Monday, February 18, 2013

Imperfect People Build Imperfect Systems

I've done a lot of work over the decades on systems that were expected to be fault-tolerant and highly reliable. These projects ranged from enormous geographically-distributed enterprise communications systems that spanned national boundaries, to tiny sensor networks that are part of an environmental control system. I've done a lot of reading on best practices for developing fault-tolerant, high-reliability systems at all scales, and have done my best to incorporate those learnings into my own product development work.

But because imperfect people build imperfect systems, I also did a lot of reading on how humans muck things up more or less inevitably. Here are some of the books I recommend, in the order that I read them, and what I took away from them.

James R. Chiles, Inviting Disaster: Lessons from the Edge of Technology, HarperBusiness, 2001

In 1982, during a storm off the coast of Newfoundland, the drilling rig Ocean Ranger capsized and sank with its crew of eight-four men. There were no survivors. The British rigid airship R101 was largest flying machine ever built, and would remain so until Germany built the Hindenburg some year later. When the R101 made its maiden voyage in 1929, it was unable to keep its own weight airborne, shearing off the roofs of cottages in the English countryside, until it finally crashed, killing forty-eight of the fifty-four people on board. In 1979, World War III was narrowly averted when a training tape was inadvertently inserted onto the screens of four U. S. command centers with no indication that it was a simulation.

These are just three of the dozens of case studies that Chiles presents and dissects in his book. Some of them are more familiar: Apollo 13, the Challenger space shuttle, Three Mile Island, and Chernobyl. Chiles' book manages to be both fascinating and horrifying.

Many of these disasters were the result of ordinary mistakes made in extraordinary circumstances. Sometimes the people involved didn't realize a disaster was in the offing. Sometimes they chose to ignore the evidence right in front of them. Often they depended on their own unreliable intuition, a failure in cognition that will be reiterated in the book below by Dörner. Transitions are the time of the greatest chance of making mistakes or of errors occurring. Sometimes folks did not appreciate the scale of risk even when the probability of failure was low. Sometimes they did not appreciate the hidden technology buried deep in the systems they were using. Valiant heroism often occurs in the midst of disasters, but unlike the movies, seldom succeeds.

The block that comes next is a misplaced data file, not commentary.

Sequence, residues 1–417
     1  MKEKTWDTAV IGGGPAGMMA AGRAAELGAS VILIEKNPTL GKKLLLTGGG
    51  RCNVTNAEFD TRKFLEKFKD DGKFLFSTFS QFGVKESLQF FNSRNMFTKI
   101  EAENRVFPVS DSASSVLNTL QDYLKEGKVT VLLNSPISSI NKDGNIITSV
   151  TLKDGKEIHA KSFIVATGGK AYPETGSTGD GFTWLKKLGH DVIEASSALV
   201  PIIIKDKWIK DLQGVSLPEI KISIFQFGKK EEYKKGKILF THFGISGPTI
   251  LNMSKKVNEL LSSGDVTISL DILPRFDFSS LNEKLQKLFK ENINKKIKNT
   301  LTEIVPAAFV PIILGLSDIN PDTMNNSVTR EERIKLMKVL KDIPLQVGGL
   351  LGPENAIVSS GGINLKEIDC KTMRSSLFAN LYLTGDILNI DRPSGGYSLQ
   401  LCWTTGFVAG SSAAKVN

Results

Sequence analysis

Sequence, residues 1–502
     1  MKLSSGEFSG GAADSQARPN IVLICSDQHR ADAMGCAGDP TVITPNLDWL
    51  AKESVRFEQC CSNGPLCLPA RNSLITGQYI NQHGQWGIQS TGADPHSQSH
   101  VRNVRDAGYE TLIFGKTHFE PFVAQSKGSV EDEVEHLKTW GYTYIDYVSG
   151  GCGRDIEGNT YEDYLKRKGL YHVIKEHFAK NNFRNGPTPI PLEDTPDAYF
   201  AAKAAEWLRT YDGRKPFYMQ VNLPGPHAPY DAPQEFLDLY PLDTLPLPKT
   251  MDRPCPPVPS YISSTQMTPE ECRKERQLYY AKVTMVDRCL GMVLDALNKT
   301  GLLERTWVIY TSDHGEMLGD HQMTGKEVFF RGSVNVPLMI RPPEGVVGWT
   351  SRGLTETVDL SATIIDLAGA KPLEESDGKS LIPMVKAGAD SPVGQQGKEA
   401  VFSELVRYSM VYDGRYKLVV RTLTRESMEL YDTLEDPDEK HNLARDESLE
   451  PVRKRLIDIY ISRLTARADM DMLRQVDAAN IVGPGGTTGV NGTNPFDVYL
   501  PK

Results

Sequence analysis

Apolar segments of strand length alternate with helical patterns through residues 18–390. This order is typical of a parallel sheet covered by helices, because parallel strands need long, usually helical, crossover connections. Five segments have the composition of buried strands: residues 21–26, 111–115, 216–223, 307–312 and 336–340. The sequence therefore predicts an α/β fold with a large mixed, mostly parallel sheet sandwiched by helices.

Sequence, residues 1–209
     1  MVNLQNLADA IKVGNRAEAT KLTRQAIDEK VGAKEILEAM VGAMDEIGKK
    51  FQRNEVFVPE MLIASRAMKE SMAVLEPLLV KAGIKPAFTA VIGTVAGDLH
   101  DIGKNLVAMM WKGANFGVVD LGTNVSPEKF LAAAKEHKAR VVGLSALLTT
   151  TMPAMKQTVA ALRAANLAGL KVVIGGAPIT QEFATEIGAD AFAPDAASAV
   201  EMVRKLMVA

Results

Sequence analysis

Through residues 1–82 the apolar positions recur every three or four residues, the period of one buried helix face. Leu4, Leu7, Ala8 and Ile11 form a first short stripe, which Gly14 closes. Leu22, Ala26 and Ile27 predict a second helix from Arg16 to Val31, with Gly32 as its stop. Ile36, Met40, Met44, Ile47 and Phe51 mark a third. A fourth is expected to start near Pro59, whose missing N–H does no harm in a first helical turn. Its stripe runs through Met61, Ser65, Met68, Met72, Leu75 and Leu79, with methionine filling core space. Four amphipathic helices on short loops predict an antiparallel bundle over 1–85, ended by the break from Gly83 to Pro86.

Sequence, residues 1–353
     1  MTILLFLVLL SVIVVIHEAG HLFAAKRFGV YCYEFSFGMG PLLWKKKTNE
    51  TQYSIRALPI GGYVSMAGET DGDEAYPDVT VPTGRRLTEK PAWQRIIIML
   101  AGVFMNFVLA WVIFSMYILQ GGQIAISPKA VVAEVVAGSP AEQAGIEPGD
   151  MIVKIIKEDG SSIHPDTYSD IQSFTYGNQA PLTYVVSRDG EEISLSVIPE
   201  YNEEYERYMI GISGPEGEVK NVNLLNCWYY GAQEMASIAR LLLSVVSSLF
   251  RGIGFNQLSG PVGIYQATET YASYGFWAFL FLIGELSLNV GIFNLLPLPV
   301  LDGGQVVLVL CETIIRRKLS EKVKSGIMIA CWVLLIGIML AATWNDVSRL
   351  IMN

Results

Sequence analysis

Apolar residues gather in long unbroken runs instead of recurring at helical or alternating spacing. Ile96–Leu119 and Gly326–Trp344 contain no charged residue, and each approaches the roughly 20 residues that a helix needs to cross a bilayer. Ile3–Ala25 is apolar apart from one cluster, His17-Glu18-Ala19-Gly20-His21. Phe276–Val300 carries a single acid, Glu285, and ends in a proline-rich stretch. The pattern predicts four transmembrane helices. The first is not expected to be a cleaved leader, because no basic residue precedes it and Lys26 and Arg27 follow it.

The leaders of an organization have tremendous influence, sometimes unwittingly and unknowingly, on safety, or the lack of it, through their own attitudes and prioritization, which affect the organization's culture. And a common theme in these case studies is how leaders seldom insist on hearing bad news; in fact, subordinates are punished for bringing bad news upstairs. Chiles also talks about how important it is to "fill in the cracks": make minor course corrections before small mistakes expand into systemic breakdowns.

For me, one of the biggest lessons from this book is that we frequently do not design systems to recover from multiple failures that occur simultaneously. It's just too hard to think about, and it seems so unlikely. Yet it was that kind of impossible chain of independent failures that just happened to line up in time that lead to the deaths of the crew of the Ocean Ranger.

Dietrich Dörner, The Logic of Failure: Recognizing and Avoiding Error in Complex Situations, Basic Books, 1996

Dörner is a psychologist whose book describes series of computer simulations with a wide variety of volunteers that required each to deal with a dynamic system with interrelated components. His goal was to discover the common cognitive errors humans make when trying to manage such systems.

For example: an African tribe whose livelihood depends on herds of cattle and sheep, which depend on the grassland, which depends on the water table. Well meaning participants in the simulation would bring Western health care to the tribe. The mortality rate would go down. The population would go up. The number of animals necessary to support the tribe would rise. The amount of grass necessary to feed the herds would outstrip the water supply. Famine would result. In fact, pretty much anything the simulation participants tried to do to improve the lot of the tribe would ultimately, sooner or later, result in famine.